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Crissen v. Gupta

United States District Court, S.D. Indiana, Terre Haute Division

April 14, 2014

JOSHUA B. CRISSEN, Plaintiff,
v.
VINOD C. GUPTA, SATYABALA
v.
GUPTA, WIPER CORPORATION, and VIVEK
v.
GUPTA, Defendants.

ORDER

JANE MAGNUS-STINSON, District Judge.

Presently pending before the Court is a Motion to Dismiss or for Other or Further Sanctions for Violation of Protective Order (the "Sanctions Motion") filed by Defendants Vinod Gupta, Satyabala Gupta, and Wiper Corporation ("Wiper") (collectively, "the Gupta Defendants"), [Filing No. 195]. The Court held a hearing on the pending Sanctions Motion on February 28, 2014.

I.

BACKGROUND

On June 19, 2013, the Court entered a Protective Order submitted by Plaintiff Joshua Crissen. [Filing No. 47.] On September 23, 2013, after several discovery disputes arose, Vinod Gupta filed a Motion for Protective Order, in which he argued that he should not be required to respond to certain requests for production because, among other reasons, Barrett Rochman, the father of Jesse Rochman who is one of Mr. Crissen's attorneys in this case, is Mr. Gupta's business competitor. [Filing No. 115.] Mr. Gupta argued that any value in Mr. Crissen obtaining the requested information was "heavily outweighed by potential prejudice to Mr. Gupta if this information is ultimately released to Gupta's business competitors." [Filing No. 115, at ECF pp. 2-3.] The Magistrate Judge granted the motion in part and denied it in part on November 7, 2013, and the pending Sanctions Motion, [Filing No. 195], relates to a portion of the Magistrate Judge's November 7, 2013 Order which amended paragraph 8(b) of the Protective Order to read:

Other than Court personnel (including court reporters), access to Protected Material shall be limited to:
* * *
(b) Counsel of record for the named parties - except for Jesse Rochman - and staff (clerical, secretarial and paralegal) employed by said counsel....

[Filing No. 47, at ECF p. 3; Filing No. 148, at ECF pp. 6-7.]

The Protective Order defines "Protected Material" as "non-public confidential documents, proprietary trade information or documents that raise a privacy concern, which documents or information are so designated in good faith by any party to the Crissen Litigation." [Filing No. 47, at ECF p. 1.] It further provides that "[t]o the extent that any document produced or filed by any party or person in the Crissen Litigation contains Protected Material, the disclosing, producing or filing party may designate the pages containing the Protected Material by marking the words "CONFIDENTIAL - SUBJECT TO PROTECTIVE ORDER" or similar words which clearly indicate the document is being treated as confidential on the face of the original of the document and each page so designated, or on the face of the photocopy of the document delivered by the disclosing party or person to the party to which the document is produced, and on the photocopies of each page so designated." [Filing No. 47, at ECF p. 2.]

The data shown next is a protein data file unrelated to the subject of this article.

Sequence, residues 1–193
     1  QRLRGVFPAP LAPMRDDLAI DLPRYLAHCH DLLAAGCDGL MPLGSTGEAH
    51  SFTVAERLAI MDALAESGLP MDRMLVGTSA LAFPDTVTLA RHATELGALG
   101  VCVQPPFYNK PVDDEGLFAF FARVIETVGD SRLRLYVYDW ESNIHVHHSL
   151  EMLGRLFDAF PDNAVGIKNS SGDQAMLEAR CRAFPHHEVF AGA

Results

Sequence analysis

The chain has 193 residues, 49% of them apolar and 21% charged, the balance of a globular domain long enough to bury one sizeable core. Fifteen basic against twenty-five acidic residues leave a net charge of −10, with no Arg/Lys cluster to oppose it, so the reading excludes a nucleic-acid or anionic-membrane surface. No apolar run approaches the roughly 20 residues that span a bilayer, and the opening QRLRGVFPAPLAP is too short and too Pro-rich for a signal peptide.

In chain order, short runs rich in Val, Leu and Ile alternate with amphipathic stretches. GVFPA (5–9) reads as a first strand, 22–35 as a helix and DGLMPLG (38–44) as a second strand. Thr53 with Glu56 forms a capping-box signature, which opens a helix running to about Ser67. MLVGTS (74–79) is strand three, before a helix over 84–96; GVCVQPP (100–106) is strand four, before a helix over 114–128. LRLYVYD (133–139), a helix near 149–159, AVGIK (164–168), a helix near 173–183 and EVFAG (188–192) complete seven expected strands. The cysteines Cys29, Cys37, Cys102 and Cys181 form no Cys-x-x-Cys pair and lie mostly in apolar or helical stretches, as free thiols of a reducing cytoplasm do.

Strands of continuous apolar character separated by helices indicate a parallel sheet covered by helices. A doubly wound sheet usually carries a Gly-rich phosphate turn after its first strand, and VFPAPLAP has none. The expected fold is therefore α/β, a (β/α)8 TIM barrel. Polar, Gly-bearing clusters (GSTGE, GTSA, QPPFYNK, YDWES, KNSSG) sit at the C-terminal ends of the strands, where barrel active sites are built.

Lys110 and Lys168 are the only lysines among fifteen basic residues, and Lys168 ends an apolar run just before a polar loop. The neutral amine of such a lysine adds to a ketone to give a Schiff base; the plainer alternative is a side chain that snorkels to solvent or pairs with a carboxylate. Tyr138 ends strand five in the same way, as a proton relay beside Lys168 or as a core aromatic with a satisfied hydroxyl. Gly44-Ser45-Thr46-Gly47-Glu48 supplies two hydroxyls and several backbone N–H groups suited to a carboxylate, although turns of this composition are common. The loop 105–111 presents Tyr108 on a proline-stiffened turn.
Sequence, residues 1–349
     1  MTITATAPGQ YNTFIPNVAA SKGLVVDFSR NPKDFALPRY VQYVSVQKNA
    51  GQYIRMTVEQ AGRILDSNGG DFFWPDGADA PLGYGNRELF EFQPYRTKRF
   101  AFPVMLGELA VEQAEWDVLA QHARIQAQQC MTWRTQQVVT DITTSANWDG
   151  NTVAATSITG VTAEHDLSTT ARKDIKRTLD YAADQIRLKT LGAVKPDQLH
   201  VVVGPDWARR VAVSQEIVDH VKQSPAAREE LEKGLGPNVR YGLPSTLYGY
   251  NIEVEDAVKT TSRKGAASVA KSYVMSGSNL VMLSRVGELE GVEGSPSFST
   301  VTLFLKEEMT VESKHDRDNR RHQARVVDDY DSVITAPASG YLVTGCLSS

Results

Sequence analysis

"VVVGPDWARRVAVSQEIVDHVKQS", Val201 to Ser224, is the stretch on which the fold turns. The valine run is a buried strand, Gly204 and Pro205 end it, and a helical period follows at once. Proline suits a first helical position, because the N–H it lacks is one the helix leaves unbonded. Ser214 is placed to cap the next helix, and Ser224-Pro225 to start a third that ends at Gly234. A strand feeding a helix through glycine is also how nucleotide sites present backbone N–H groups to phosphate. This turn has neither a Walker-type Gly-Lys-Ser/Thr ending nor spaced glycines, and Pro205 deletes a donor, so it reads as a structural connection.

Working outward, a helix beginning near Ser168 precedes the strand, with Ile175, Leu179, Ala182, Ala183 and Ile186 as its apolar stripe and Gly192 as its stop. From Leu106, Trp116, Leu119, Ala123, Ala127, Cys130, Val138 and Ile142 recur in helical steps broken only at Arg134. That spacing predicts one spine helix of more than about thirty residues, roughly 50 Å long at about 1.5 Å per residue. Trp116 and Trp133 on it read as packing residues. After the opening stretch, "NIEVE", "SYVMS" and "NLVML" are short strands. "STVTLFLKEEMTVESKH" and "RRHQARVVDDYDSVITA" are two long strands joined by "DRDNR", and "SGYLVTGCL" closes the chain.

The Magistrate Judge articulated the reasons for excluding Mr. Rochman from having access to Protected Material as follows:

At the very least, Barrett Rochman operates a competing business, and his shadow over the litigation is palpable, if only because his son is representing Plaintiff. While the Court appreciates Plaintiff's confidence in the existing protective order and the Court's ability to enforce it, the Court finds that the circumstances warrant some additional measure protecting Vinod's financial and proprietary information against disclosure to Barrett Rochman. At the same time, Vinod's financial records strike the Court as potential sources of information relevant to the questions of whether, and in what amount, Vinod incurred notice and title expenses and compensated his son for providing those services. While it might be appropriate to add an additional layer of protection, to render these documents wholly undiscoverable would be to throw the baby out with the bathwater.

[Filing No. 148, at ECF p. 6.][1]

On December 13, 2013, Banco Popular produced documents on a disk that included "certain of Mr. Gupta's personal income tax returns, personal financial statements and other personal financial information that were in the bank's files and apparently utilized in underwriting Mr. Gupta's line of credit with the bank. Some of those documents are the subject of Mr. Gupta's pending [Objection]." [Filing No. 196, at ECF p. 9.] On December 18, 2013, after the Magistrate Judge had modified the Protective Order to prevent Mr. Rochman from reviewing Protected Material, in part of a string of emails regarding whether Banco Popular could produce a blank loan application like the one the Guptas would have completed, Mr. Rochman sent an email to counsel for Banco Popular which discussed his reason for requesting the blank application. [Filing No. 196-3, at ECF pp. 5-6.] He stated "I have also started reviewing the most recent production from [Banco Popular]. Section 4... looks to be the section containing the Gupta's financial statements, but it does not appear any financial statements were produced. Is [Banco Popular] producing the financial statements?" [Filing No. 196-3, at ECF p. 6.] The next day, counsel for Banco Popular copied counsel for the Gupta Defendants on his email string with Mr. Rochman, stating "I think your primary dispute here is with Guptas, who obtained the original protective order. I'm going to defer to their counsel (now copied on this email) to respond to you on this issue." [Filing No. 196-3, at ECF p. ...


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